Class Action Lawsuit Filed Against Olive Garden in Fayetteville, NC


National food safety law firm Marler Clark filed a class action lawsuit against Olive Garden this week. The lawsuit was filed on behalf of named plaintiff Claudia Prescott and all others who received Hepatitis A vaccinations or Immune globulin (Ig) injections in the wake of a Cumberland County Public Health Department announcement that patrons of the Fayetteville Olive Garden had been exposed to the hepatitis A virus after dining at the restaurant.

According to the complaint, which was filed in Cumberland County Superior Court (File No. 11-CvS-7060) an employee who worked at the Fayetteville Olive Garden was infected with hepatitis A while working shifts at the restaurant in late July and early August, leaving diners possibly exposed to the virus. For public and personal safety reasons, many persons who consumed food or beverage at the Fayetteville Olive Garden on those dates were required to obtain an Ig injection or the hepatitis A vaccine to prevent infection with the potentially deadly hepatitis A virus.

“Standing in line for hours and receiving an unwanted immunization is not commonly associated with a dinner out at Olive Garden,” said Marler Clark attorney David Babcock. “Hepatitis A is a vaccine-preventable disease. If Olive Garden had required its employees to be immunized-or better yet, paid for employees to receive the hepatitis A vaccine, thousands of people would not have unnecessarily spent time and money protecting themselves from infection.”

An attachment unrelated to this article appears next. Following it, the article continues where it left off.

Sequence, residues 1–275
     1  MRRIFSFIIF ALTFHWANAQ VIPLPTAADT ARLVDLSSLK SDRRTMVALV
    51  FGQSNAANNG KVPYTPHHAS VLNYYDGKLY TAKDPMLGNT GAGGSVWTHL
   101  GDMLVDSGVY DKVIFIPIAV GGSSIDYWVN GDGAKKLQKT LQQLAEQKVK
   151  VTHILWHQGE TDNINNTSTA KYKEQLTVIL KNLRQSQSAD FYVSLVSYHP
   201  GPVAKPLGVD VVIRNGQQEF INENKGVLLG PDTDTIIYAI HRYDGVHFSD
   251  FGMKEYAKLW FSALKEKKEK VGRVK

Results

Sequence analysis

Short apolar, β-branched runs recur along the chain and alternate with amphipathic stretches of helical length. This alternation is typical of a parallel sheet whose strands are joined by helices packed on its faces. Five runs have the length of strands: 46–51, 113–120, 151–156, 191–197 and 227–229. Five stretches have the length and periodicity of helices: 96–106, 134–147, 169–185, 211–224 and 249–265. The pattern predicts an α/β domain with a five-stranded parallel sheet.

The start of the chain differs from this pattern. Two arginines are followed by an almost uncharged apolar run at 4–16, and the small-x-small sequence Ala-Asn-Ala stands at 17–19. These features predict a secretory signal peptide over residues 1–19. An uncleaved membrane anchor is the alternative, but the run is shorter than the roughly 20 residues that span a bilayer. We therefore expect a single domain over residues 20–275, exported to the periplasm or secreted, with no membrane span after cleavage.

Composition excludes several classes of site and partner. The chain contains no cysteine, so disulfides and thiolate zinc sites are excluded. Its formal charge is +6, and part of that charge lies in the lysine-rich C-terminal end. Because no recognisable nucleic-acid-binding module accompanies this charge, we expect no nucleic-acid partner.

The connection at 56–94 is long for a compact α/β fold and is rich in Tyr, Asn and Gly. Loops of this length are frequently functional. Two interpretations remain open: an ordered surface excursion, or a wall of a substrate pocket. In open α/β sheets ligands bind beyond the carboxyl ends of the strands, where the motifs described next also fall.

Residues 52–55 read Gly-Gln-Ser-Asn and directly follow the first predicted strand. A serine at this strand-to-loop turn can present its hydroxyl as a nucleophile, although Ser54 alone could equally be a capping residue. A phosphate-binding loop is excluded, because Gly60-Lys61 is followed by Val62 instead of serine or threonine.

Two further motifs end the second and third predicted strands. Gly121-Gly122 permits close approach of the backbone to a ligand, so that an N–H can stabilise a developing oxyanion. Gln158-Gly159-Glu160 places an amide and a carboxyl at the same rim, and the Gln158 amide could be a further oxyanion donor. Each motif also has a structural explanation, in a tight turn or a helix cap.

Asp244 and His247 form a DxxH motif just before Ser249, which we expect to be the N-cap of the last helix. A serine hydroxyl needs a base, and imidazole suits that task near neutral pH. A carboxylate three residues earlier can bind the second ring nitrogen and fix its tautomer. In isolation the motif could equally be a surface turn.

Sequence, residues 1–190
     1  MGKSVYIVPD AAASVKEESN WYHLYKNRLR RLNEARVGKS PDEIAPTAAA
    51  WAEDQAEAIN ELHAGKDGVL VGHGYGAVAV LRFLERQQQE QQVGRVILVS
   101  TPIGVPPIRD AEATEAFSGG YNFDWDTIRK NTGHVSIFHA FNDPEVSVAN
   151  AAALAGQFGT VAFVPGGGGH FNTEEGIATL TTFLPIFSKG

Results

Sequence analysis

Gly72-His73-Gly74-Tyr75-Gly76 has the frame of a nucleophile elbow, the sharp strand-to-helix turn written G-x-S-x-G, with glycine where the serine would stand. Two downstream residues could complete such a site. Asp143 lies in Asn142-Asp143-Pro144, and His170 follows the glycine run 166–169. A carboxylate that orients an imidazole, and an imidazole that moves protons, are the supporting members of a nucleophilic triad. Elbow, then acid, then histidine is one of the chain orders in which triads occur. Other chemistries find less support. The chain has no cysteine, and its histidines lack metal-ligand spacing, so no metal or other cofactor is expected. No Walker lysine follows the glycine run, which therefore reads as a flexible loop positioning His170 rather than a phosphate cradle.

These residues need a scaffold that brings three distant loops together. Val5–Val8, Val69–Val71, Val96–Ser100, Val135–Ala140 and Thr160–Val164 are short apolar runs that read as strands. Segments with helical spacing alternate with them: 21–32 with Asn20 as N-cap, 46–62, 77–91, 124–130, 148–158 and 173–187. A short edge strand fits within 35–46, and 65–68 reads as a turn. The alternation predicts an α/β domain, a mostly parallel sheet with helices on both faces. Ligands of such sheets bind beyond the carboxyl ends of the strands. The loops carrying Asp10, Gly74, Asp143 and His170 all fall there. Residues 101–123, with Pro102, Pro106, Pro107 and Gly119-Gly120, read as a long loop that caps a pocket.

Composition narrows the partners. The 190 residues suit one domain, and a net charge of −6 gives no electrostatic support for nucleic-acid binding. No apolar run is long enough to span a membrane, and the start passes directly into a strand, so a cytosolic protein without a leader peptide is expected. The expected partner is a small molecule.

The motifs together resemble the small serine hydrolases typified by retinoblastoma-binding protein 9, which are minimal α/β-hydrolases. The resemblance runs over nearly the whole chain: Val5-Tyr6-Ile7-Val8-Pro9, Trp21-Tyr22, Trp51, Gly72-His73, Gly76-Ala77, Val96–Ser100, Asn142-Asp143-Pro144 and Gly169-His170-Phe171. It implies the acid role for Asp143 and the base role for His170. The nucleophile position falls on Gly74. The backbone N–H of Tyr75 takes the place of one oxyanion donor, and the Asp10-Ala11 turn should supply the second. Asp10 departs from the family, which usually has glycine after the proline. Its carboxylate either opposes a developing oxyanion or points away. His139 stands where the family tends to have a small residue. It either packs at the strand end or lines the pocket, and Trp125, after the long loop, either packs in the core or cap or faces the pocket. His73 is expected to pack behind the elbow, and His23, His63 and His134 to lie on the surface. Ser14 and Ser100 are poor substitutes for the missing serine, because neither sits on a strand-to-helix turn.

WHO IS ELIGIBLE TO JOIN THE CLASS ACTION LAWSUIT

While the precise size of the class is yet unknown, attorneys for Marler Clark believe it may reach up to 3,000 people. Anyone who received an immune globulin shot or hepatitis A vaccine as a result of consuming food or beverage at Olive Garden may be eligible to join the class.

BACKGROUND

Hepatitis A is the only common vaccine-preventable foodborne illness in the United States. It is typically transmitted from person to person or via contaminated food or water. Outbreaks are often associated with infected food handlers. Symptoms may not occur for several weeks after exposure and may include abdominal discomfort, fever, malaise, muscle aches, and a yellowing of the skin called jaundice. In rare cases, hepatitis A causes liver failure.

Marler Clark is the nation’s foremost law firm dedicated to representing victims of hepatitis A and other foodborne illnesses. The firm’s hepatitis A attorneys have unmatched hepatitis A litigation experience and have worked for victims in cases against such restaurants as Subway, McDonald’s, Carl’s Jr., and Chi-Chi’s among others. For more information on this lawsuit or to speak with an attorney please contact Cody Moore at 206-407-2200 or email cmoore@marlerclark.com.